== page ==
There is accordingly a need for relatively long probes with thin shafts which are safely projected from kinking. In this connection "relatively long and thin" means dimensions wherein shaft length to shaft diameter are at a ratio of at least 10:1. Probes in this connection are microelectrodes, chemical and electrical sensors, tubular needles, pipettes, capillaries, etc., which are to be inserted into plastic-elastic structures, particularly into nerve and muscle tissues.

It is an important object of the present invention to provide improved probes and probe apparatus in an economical manner, wherein the probes, on one hand, are very thin and on the other, are so stable that they can be inserted into respective structures over distances, that is, to depths, which greatly exceed the probe kinking length. Novel and highly economical guide means are to be provided which safely prevent kinking.

SUMMARY OF THE INVENTION

A microprobe for electrophysiological application, a microtube, fiber or wire probe is supported on a fixture within a tubular elastic support hose and has one end, together with one end of the probe mounted on a clamping structure which is movably disposed on the fixture while the other end of the probe extends through a capillary guide tube from which its tip projects and the other end of the hose is mounted on the fixture and the hose maintained in a stretched state to engage the probe and provide radial support and a microdrive is connected to the clamping structure for axially moving the probe together with the one end of the hose and an apparatus including a plurality of independently movable probes.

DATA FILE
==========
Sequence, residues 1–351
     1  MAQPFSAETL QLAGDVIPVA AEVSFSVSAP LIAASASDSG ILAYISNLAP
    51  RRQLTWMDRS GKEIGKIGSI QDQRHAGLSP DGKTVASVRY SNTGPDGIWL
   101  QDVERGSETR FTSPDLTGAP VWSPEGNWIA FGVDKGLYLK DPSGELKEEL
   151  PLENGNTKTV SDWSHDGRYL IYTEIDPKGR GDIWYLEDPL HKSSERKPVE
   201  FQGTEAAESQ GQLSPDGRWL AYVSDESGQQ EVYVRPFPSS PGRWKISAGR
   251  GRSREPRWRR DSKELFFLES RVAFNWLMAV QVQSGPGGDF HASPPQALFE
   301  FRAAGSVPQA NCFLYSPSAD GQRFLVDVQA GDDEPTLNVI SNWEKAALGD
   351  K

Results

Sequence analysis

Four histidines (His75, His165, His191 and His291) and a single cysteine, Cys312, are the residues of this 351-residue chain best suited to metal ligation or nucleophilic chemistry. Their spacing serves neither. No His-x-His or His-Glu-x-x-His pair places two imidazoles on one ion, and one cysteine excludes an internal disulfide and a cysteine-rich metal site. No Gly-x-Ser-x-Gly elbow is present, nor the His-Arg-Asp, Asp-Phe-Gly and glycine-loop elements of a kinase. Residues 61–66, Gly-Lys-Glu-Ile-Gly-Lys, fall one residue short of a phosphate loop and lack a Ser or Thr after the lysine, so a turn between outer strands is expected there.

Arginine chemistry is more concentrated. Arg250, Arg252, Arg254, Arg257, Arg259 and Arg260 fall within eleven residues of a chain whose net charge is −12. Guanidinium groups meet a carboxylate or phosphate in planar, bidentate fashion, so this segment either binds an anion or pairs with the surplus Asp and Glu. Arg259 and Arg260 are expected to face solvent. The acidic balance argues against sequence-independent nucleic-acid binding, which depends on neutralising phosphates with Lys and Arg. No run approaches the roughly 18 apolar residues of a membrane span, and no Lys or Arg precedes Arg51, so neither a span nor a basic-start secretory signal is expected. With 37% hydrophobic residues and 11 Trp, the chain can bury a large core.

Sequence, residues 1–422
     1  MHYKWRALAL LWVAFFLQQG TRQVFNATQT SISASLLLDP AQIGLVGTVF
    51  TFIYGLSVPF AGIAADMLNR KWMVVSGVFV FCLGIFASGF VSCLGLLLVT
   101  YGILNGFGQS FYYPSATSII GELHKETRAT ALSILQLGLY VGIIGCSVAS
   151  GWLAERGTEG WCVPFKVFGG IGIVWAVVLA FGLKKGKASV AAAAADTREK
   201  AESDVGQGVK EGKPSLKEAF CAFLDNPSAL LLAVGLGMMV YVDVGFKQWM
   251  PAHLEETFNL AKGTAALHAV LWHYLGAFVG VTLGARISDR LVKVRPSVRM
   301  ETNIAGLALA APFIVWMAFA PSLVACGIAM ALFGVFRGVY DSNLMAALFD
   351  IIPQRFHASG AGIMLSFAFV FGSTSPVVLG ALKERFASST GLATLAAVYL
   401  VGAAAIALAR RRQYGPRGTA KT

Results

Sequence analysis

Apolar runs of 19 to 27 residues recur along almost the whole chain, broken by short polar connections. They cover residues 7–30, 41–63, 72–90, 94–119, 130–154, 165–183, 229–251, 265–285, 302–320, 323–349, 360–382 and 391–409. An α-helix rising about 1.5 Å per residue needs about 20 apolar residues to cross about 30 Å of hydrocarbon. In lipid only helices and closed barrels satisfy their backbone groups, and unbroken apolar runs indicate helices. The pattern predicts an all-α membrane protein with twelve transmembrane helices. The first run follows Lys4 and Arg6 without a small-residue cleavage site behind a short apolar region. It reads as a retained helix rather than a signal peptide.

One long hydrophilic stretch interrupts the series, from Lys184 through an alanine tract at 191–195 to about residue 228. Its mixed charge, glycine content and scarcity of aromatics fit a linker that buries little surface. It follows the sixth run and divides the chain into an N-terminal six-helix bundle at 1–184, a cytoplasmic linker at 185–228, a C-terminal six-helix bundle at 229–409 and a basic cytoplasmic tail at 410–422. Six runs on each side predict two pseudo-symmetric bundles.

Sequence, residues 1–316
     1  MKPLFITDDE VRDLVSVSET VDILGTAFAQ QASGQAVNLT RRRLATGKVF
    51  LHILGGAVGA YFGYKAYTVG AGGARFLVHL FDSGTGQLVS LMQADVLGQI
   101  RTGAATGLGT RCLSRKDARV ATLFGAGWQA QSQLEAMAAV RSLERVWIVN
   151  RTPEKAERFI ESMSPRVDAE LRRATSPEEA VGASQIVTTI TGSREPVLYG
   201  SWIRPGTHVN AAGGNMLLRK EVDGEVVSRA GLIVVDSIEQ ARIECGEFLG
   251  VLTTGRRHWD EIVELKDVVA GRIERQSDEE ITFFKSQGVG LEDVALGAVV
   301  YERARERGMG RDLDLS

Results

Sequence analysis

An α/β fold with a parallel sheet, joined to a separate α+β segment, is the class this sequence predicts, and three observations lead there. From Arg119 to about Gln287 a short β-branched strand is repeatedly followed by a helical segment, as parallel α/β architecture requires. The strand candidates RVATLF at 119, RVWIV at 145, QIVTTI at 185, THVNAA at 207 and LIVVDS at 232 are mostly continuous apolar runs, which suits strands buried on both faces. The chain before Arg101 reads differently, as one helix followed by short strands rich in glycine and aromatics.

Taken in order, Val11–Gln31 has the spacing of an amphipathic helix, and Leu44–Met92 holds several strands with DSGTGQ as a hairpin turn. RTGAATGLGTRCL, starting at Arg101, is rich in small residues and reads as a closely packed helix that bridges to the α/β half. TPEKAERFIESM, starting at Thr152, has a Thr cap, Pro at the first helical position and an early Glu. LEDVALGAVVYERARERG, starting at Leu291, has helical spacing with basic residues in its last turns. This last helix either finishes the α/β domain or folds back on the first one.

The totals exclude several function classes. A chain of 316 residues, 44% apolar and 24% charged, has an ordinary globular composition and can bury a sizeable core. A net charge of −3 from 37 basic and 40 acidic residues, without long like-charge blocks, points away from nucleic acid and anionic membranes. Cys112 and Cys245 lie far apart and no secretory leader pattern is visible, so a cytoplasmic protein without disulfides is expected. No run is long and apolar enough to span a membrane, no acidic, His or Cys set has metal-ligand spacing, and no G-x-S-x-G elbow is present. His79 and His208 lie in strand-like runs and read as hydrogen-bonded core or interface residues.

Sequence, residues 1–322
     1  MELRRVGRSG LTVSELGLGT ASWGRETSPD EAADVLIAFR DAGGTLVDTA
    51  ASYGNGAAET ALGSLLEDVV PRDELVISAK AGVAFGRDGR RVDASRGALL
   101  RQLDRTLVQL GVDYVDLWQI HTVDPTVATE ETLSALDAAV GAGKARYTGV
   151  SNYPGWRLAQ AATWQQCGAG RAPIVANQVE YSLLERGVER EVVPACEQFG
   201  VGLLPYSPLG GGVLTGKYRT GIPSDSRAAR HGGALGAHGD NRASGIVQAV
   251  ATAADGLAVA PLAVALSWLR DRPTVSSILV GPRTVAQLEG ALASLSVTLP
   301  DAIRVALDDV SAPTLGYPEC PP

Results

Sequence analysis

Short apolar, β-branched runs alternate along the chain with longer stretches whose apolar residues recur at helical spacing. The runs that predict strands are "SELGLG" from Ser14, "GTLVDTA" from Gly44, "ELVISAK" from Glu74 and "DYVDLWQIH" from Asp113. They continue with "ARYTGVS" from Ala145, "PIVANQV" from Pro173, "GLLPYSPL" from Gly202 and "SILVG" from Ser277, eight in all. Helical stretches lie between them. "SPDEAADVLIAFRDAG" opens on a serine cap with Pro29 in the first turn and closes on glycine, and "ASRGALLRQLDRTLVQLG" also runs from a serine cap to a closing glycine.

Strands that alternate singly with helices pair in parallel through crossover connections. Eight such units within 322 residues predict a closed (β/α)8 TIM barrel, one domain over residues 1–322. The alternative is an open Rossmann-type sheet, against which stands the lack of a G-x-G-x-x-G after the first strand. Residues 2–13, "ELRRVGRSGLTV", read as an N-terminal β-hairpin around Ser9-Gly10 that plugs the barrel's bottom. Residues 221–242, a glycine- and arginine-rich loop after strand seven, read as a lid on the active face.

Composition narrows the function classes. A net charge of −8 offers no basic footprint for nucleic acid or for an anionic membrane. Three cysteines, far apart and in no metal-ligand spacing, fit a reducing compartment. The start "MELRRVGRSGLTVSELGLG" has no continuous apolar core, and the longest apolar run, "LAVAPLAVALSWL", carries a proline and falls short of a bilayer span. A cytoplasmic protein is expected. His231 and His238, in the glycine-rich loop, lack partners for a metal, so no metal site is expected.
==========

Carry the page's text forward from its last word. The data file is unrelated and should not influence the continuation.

The preferred main support means according to the invention is an elongate elastic hose for each probe. It is engaged at its outer end by means of a clamp which preferably consists of stainless steel, extends across a guide lube and is mounted on a support fixture for the drive structure. The guide tube guides the probe in the desired insert direction. At the other, that is, its inner, end the probe and the hose which may consist, for example, of rubber, are connected by way of a clamp to a retaining pin or wire to a microdrive, by which the hose can be stretched to an exactly adjustable length. The probe tip can be accurately positioned in small advancing steps by the microdrive, that is, accurately controlled translational movement can be achieved.

The elastic hose keeps the probe kink-free since the radially acting kinking forces are smaller, by far, than the counteracting forces of the stretched hose, whereby the kinking length of the probe can be increased typically by 10 to 100 times. Upon stretching, the hose closely surrounds the probe and firmly engages it all around over most of its length, at least over the length thereof in which movement forces are applied thereto. Even microwaves unwound from a coil can be used for moving the probe in this manner without kinking since they are only subjected to tensional forces. Suitable hoses are generally available highly elastic silicon rubber hoses as they are used, among others, for hose pumps.

With such a secure hose support, relatively large axial forces can be applied to the tip of the probe which is very helpful when relatively tough structures have to be pierced. The tip insertion forces are about of the same size as the elastic axial forces applied to the rubber hose. Also, with probes which are difficult or expensive to manufacture, the penetrating force applicable to a tissue can be determined by appropriate selection of hose length and the extent to which the hoses are stretched so that neither the probe tip nor the probe shaft is damaged by the resistance of the respective tissue.